According to the most recent census of 2002, the Slov enian population consists of 83 %
ethnic Slovenians, 1.98 % Serbs, 1.81 % Croats, 1.10 % Bosnians, 0.11 % Italians,
0.32 % Hungarians and 0.17 % Roma. Members of the Italian and Hungarian minorities
enjoy the status of autochthonous (indig enous) minorities. The Roma have the status of
a special ethnic community. People who originate from other republics of the former
Yugoslavia do not have any minority status.
The Constitution guarantees special protection for the Roma commu nity in Slovenia. The
Roma’s special rights are regulated by 12 special acts and various Governm ent
programmes with the a im of improving their situation. The 2007 Rom a Commun ity Act
established a Council of the Roma Community and provides a legal basis for further
positive measures for the Roma.1 Roma people are often victims of discrimination in the
fields of educati on, employment an d housing , as was recently confirmed in a report by
the Special Rapporteur on Minority Issues2 and a report of the European Commission
against Racism and Intolerance of the Council of Europe.3 The Roma Community Act was
unsuccessfully challenged before the Constitutional Court three times, on the basis of the
argument that the Council of the Roma Commu nity does not ensure equal representation
of all Roma in Slovenia, but prioritises Roma from the north-western part of Slovenia,
who are considered indi genous (autochthonous ). In its 2019 report, ECRI recommended
that the Slovenian authorities refrain from using the unhelpful distinction between
autochthonous and non-autochthonous Roma and ensure that the Council of the Roma
Community becomes more representative.
Migrants and asylum seekers are protected on an equal basis with Slovenian citize ns but
there ar e no specific policies or pr ovisions in anti-discrimination laws that are aimed at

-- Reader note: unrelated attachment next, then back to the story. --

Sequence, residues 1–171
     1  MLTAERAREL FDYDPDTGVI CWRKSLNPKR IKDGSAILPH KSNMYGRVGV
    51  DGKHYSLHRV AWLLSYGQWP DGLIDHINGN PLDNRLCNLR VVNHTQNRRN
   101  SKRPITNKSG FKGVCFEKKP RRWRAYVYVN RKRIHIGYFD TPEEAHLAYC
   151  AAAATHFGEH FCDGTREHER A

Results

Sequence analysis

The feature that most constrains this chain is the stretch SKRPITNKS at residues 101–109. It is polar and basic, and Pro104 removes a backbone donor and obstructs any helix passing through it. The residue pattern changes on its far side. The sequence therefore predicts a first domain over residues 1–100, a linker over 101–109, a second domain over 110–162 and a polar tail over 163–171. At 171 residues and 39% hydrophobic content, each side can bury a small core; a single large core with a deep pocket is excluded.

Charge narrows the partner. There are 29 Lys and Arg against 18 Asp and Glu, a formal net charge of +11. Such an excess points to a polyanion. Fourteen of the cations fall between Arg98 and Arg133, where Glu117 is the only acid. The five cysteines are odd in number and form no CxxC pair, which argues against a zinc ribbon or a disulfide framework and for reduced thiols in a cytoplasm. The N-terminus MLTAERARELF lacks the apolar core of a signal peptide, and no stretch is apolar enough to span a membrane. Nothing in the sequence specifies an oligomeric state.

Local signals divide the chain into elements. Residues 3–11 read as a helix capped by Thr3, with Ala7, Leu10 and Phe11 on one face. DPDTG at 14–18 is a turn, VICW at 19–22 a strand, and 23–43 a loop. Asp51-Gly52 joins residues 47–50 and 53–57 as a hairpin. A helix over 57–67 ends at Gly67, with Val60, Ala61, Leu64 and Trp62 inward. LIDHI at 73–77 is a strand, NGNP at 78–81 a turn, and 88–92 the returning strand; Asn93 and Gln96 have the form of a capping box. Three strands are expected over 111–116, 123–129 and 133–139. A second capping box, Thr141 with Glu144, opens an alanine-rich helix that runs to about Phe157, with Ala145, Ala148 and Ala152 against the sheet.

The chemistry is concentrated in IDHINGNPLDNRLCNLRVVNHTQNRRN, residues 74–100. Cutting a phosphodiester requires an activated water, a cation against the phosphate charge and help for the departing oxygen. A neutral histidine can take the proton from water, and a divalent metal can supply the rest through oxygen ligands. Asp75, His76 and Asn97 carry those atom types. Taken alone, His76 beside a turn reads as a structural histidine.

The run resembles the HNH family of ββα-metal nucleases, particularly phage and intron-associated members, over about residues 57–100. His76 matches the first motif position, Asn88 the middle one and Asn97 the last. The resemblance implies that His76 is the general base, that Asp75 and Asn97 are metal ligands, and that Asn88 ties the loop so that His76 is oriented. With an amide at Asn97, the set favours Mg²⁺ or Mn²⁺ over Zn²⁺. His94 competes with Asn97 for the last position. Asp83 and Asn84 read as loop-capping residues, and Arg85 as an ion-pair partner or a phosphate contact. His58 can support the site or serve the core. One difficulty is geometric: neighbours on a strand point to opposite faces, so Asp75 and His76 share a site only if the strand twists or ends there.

In 20 16, a Civil Union Act was adopted that provides rights for same- sex partners that
are equal to those f or opposite-sex partners, except in relation to marriage, joint
adoption and access to donor insemination.4 At least two strategic litigation case s are
pending before the Constitutional Court on the access of couples in same-sex unions to
marriage5 and joint adoption.6
Discrimination against people with disabilities remains a problem with regard to
accessibility of buildin gs, unemploym ent and a lack of measures to enable independent
living. The Act on Equal Opportunities for People with Disabilities7 and its rules for
implementation8 provide for positive measures for people with disabilities. The 2017
1 See Constitutional Court decisions Nos. U-I-166/07, U-I-15/10 and U-I-134/07.
2 United Nations (2019), Report of the Special Rapporteur on Minority Issues, available at: http://daccess-
3 Council of Europe, European Commission against Racism and Intolerance, Fifth Report on Slovenia, 5 June
2019, available at: https://www.coe.int/en/web/european-commission-against-racism-and-
4 Civil Unions Act (Zakon o partnerski zvezi), adopted on 21 April 2016, available at:
5 A constitutional complaint has been lodged against Administrative Court judgment No. I U 1847/2016-12 of
11 December 2017. The reference number for the Constitutional Court case is not yet available.
6 A constitutional complaint has been lodged against Administrative Court judgment No. I U 1497/2016 of 17
January 2019. The reference number for the Constitutional Court case is not yet available.
7 Act amending the Act on Equal Opportunities for People with Disabilities (Zakon o spremembah in
dopolnitvah Zakona o izenačevanju možnosti invalidov), 30 June 2014, available at: http://www.uradni-
8 Rules on Technical Aids and Adaptation of Vehicles (Pravilnik o tehničnih pripomočkih in prilagoditvi vozila),
1 October 2014, available at: http://www.pisrs.si/Pis.web/pregledPredpisa?id=PRAV12201.